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Federal Court Grants Summary Judgment Against Health Plan's Antitrust Challenge to Hospital Combination in Pennsylvania


On July 22, 2003, the U.S. District Court for the Middle District of Pennsylvania granted summary judgment to defendant Susquehanna Health Systems ("SHS"), dismissing an antitrust challenge to the combination of three hospitals in Lycoming County in north-central Pennsylvania.

In 1994, North Central Pennsylvania Health System ("NCPHS") and Providence Health System ("PHS") formed SHS as a nonprofit organization "to manage the delivery of healthcare services." Prior to the advent of SHS, NCPHS' Williamsport Hospital, and PHS' Divine Providence Hospitals were competitors in Lycoming County. Further, PHS' Muncy Valley Hospital also serves this area. Under the SHS agreement, the parties "share equally in the risks and rewards of the joinder," and SHS "sets common charges for all hospitals in the Alliance." Additionally, the medical staffs for Williamsport and Divine Providence merged, the hospitals share such things as malpractice insurance, personnel, and pension plans, and plans have been made to construct one facility for all inpatient and outpatient services between the years 2010 and 2015. In 1996, NCPHS, PHS, and SHS entered into another agreement whereby NCPHS and PHS agreed to merge their physician groups into one entity to be known as Susquehanna Physician Services ("SPS"). The hospitals had previously entered into a consent agreement with the Pennsylvania Attorney General under which SHS was obligated to achieve certain cost savings, and to pass those onto consumers for 5 years.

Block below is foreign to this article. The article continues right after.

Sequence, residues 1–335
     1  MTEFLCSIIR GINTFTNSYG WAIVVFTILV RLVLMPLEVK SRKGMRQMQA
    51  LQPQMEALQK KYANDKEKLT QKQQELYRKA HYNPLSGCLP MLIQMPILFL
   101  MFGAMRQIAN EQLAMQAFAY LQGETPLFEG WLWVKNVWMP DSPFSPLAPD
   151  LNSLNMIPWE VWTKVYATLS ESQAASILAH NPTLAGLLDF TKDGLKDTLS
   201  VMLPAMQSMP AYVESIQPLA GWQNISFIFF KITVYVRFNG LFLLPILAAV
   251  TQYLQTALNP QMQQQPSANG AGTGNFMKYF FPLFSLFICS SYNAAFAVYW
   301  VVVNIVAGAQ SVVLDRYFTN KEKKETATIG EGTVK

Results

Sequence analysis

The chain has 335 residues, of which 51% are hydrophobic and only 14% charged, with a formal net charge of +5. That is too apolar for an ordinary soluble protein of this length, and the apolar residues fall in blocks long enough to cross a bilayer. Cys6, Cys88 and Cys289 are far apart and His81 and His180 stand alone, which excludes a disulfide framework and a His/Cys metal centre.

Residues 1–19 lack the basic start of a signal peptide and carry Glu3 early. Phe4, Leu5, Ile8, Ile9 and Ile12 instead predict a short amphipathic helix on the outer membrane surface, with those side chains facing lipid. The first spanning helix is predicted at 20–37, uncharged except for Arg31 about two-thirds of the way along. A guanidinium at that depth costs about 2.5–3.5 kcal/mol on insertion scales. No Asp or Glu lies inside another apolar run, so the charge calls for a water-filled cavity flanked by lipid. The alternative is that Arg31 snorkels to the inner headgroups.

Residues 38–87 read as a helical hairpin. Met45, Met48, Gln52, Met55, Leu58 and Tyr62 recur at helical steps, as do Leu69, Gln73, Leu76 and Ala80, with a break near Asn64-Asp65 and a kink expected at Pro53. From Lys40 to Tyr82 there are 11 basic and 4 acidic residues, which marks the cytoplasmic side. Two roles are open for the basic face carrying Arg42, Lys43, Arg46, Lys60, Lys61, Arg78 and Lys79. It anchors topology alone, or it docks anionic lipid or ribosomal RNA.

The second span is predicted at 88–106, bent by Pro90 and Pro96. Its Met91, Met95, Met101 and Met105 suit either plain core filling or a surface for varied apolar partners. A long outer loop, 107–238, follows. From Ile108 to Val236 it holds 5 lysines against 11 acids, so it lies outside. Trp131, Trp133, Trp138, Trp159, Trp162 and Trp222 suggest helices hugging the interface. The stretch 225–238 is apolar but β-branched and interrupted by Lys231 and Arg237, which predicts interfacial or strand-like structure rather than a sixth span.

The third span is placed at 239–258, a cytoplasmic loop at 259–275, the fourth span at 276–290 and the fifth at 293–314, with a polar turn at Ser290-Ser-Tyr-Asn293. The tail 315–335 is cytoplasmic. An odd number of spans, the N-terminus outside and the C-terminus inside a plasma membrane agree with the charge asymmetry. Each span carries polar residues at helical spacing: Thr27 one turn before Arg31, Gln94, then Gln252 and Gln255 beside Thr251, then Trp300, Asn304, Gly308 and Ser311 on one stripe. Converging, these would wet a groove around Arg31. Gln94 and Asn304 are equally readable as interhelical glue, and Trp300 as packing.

Plaintiffs HealthAmerica Pennsylvania, Inc., Coventry Health & Life Ins. Co., and Coventry Healthcare Management Corp. challenged SHS on the grounds that it is "nothing more than a joint operating arrangement," making NCPHS' and PHS' joint price setting a per se violation of Sherman § 1. The court disagreed. It pointed to evidence of "substantial centralized authority in [SHS]," and found that under Copperweld Corp. v. Independence Tube Corp., 467 U.S. 752 (1984), SHS and its member hospitals constitute "a single entity legally incapable of conspiring to fix prices for managed care organizations."

Plaintiffs also argued that the joint price setting of SPS for physician services violated Sherman § 1. The Court held that because SPS is a wholly-owned subsidiary of SHS, under Copperweld these entities are legally incapable of conspiring. The plaintiffs also challenged the formation of SPS under Sherman § 1 "because the object of the merger was anticompetitive." The court rejected this argument, noting that because each physicians group was under SHS' control at the time of the creation of SPS, "an internal decision by [SHS] to restructure two physician groups under its control does not violate Section 1."

Additionally, the court dismissed on standing grounds plaintiffs' remaining Section 1 claims, which involved SHS' physician network that dealt with self-insured parties. Finally, the court rejected plaintiffs' Clayton § 8 claim on the grounds that under Copperweld, the hospitals are not competitors because they "function as a single entity."

Plaintiffs had apparently dropped a charge that the combination of the hospitals violated Section 7 of the Clayton Act. The court said that a claim that the initial formation of the hospital system violated Section 1 could have been pursued, but that the complaint before the court did not properly allege such a theory.

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